KEY CONCLUSION: While an ETS does not provide protection under the innocent landowner defense it may still be appropriate for certain types of properties.

In practice, banks and other financiers of property should realize the innocent landowner defense is designed to protect a landowner from catastrophic financial loss. Because an important goal would be to avoid even having to defend, the ESA project can be considered insurance against this loss. The decision to perform an ETS must be considered an initial process to decide whether to buy the comprehensive policy. The lending institution must be able to depend on a good environmental consultant to help evaluate a specific property for environmental risk whether an ETS or complete ESA.

The Environmental Transaction Screen (ETS), referred to by SBA as a Transaction Screening Analysis (TSA) should be performed under the new standard ASTM 1528-06. The standard specifically states that this project does not provide protection under the CERCLA “innocent landowner defense”. That is because qualifying for the innocent landowner defense requires All Appropriate Inquiry (AAI). This condition is met by performing the scope of work outlined in the new standard for Environmental Site Assessment (ESA) projects (ASTM 1527-05). The use of the ETS will be guided by 1) the type of Property; 2) the expertise and risk tolerance of the user and perhaps most importantly, 3) the information developed in the course of the inquiry.

The innocent landowner defense appears to be subject to interpretation on a case-by-case-basis in the judicial system. The courts have generally ruled that an owner of a contaminated site becomes a potentially responsible party (PRP) simply because they are the owner. Generally the courts have upheld the innocent landowner defense if 1) a prior party was the sole cause of the contamination; 2) the previous owner is a liable party; 3) the new owner did not know about the contamination and undertook appropriate inquiry at the time of purchase and 4) the owner took due care once the contamination was discovered.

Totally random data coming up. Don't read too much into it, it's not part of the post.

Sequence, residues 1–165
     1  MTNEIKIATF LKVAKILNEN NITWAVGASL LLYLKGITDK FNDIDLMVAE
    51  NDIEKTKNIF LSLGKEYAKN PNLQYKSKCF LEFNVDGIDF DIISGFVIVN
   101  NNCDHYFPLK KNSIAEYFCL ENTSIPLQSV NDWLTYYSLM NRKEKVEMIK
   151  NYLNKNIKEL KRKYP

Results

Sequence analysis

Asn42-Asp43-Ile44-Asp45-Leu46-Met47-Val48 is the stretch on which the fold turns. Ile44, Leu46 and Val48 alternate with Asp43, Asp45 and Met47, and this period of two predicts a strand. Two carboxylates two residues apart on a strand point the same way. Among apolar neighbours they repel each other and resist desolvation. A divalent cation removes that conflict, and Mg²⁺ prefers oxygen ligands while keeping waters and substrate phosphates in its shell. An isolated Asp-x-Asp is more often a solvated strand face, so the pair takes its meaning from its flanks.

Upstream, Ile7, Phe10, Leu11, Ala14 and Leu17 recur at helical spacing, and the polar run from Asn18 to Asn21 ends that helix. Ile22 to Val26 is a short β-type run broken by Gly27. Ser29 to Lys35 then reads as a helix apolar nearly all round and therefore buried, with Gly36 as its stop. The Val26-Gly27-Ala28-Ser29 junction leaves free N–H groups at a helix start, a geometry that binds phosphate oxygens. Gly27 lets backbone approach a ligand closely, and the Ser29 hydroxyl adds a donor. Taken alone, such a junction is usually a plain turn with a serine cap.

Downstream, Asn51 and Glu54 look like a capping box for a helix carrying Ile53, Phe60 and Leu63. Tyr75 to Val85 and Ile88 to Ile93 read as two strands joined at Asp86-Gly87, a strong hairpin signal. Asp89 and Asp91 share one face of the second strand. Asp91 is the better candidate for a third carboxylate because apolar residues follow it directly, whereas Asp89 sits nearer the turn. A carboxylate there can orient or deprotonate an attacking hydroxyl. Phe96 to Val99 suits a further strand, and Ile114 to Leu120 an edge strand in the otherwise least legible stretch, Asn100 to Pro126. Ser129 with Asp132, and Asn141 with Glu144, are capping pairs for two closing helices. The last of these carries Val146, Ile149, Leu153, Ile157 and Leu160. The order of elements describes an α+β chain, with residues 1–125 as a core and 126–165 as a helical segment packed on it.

The following is a brief synopsis of the changes to the ETS due diligence process based on the new ASTM standard.

The ETS project is designed for environmental assessments of properties that are considered to be “low risk”. The scope of these projects are performed following the guidelines of 2006 standard ASTM 1528-06 which replaces the previous ASTM standard dated in 2000. Although there has been much fanfare about how the new ETS removes the protection of the “innocent landowner defense” liability protection, the bottom line is: will the ETS project minimize, to the extent possible, the risk of financing a given property?

ERAS will carefully follow the new standard that dictates the historical sources of information to be used, that is either Sanborn Fire Insurance Maps or city street directories (published by, among others, Polk and Haines).

Due to a lack of these sources in many areas, it will be necessary to either supplement these sources, by review of more traditional building department records or substitute the traditional historical sources. There may be additional cost for some projects to follow the new standard as well as continuing to provide sufficient due diligence.